In fact, taqwa in many respects equals a particularly Protestant kind of religious notion, the spiritual significance of which is exactly conveyed by the Anglican ascetic and mystic William Law (1686-1761) in his A Serious Call to a Devout and Holy Life, ed. P. Stanwood, London 1978, where he evokes that “true devotion” which requires that we “live as pilgrims in spiritual watching, in holy fear, and heavenly aspiring after another life” in one passage (31); and in another passage (256), insists that we “do everything in His fear and abstain from everything that is not according to His will”. As a religious concept in Islam, taqwa, as will be seen below, has definite extra-Islamic resonances.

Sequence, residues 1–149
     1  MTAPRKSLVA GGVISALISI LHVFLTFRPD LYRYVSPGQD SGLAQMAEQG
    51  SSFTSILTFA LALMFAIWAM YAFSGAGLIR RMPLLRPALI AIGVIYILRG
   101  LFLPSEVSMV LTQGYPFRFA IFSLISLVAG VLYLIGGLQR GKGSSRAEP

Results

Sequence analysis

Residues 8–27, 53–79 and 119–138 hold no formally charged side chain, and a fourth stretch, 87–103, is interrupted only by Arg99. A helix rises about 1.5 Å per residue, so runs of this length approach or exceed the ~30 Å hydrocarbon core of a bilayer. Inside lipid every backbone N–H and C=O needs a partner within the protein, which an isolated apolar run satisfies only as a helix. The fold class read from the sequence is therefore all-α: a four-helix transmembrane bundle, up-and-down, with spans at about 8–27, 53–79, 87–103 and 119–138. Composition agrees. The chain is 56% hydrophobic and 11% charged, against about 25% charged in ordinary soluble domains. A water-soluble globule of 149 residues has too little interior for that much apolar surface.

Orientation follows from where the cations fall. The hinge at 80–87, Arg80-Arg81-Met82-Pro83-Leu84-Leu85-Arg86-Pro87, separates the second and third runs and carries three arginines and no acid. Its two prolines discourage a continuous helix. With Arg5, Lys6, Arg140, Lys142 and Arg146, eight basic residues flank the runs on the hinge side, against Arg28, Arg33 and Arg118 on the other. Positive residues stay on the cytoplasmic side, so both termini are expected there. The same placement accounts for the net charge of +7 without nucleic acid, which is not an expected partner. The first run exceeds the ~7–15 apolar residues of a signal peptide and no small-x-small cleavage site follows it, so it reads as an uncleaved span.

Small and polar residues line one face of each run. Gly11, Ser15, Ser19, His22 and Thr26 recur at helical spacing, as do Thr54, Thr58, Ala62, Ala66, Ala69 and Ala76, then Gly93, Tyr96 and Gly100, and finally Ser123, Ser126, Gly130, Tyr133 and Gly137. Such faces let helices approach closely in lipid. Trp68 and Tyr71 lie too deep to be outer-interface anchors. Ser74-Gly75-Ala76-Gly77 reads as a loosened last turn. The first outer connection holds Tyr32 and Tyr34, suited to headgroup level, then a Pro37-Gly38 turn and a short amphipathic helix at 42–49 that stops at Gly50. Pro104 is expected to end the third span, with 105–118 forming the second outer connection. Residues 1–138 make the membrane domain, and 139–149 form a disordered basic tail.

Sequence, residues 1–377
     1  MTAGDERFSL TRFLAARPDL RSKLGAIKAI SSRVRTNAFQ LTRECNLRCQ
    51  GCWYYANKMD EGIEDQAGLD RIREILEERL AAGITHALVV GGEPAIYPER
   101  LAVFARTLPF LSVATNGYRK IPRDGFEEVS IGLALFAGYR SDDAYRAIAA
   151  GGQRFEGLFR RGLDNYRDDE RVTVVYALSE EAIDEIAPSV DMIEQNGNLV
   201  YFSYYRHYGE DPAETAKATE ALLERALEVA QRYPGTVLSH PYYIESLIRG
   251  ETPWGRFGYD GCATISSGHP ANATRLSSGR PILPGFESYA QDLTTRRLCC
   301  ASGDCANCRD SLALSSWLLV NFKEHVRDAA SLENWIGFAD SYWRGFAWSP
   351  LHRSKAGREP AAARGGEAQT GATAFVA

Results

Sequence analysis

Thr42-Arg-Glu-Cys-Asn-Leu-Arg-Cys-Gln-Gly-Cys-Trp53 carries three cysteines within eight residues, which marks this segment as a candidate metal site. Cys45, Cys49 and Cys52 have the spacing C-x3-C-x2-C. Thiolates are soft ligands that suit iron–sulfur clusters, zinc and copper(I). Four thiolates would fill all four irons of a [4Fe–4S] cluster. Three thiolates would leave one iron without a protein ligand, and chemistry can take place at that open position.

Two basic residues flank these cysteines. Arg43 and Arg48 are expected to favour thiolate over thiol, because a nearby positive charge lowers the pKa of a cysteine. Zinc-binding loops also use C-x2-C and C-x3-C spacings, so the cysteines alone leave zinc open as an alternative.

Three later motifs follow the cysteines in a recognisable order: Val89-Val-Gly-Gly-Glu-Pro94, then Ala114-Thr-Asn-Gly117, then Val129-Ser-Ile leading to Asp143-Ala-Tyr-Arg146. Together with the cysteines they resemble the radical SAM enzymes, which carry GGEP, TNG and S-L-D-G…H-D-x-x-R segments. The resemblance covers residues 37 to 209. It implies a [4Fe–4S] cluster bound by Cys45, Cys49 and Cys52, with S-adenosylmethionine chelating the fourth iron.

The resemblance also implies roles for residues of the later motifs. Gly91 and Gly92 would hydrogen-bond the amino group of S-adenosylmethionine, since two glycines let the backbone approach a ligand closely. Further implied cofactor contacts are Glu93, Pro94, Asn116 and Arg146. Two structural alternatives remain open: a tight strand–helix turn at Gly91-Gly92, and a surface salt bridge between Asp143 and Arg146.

William Law’s two principles of ‘fear of God’ and ‘abstinence’ from all ungodly affairs are found, in fact, in the earliest work in Persian on Sufism: the Sharh-i Ta‘arruf by Abu Ibrahim Mustamli Bukhara (d. 434 AH/1042-3 CE), where taqwa is described as having “two principles: fear and abstinence. Thus the devotee’s attitude of taqwa towards God has two senses: either fear of chastisement (iqab) or fear of separation (firaq)”. The attitude of fear generates observance of the commandments of God, while “fear of separation” means that “the devotee is content with nothing less than God, and does not find ease in aught beside Him” (from the anonymous Khulasa-yi Sharh-i Ta‘arruf, ed. ‘A. Radja’i, Tehran 1349 AH/1970 CE, 294, an 8th/14th century summary of this work). In an almost identical definition by the great Kubrawi master Muhammad Lahidji (d. 912 AH/1507 CE) in the Mafatih al-i‘djaz fi sharh-i Gulshan-i raz, ed. Muhammad Rida Barzgar Khaliqi and ‘Iffat Karbasi, Tehran 1371 AH/1992 CE, 250, taqwa is described as the “fear of God regarding the final consequences of one’s affairs, or else fear of one’s own passional self (nafs) lest it play the brigand, casting one into the perdition of separation and being veiled from God”. After over half a millennium of theosophical speculation - from Bukhara’i to Lahidji - the two foundations of taqwa: fear and abstinence, remain completely intact.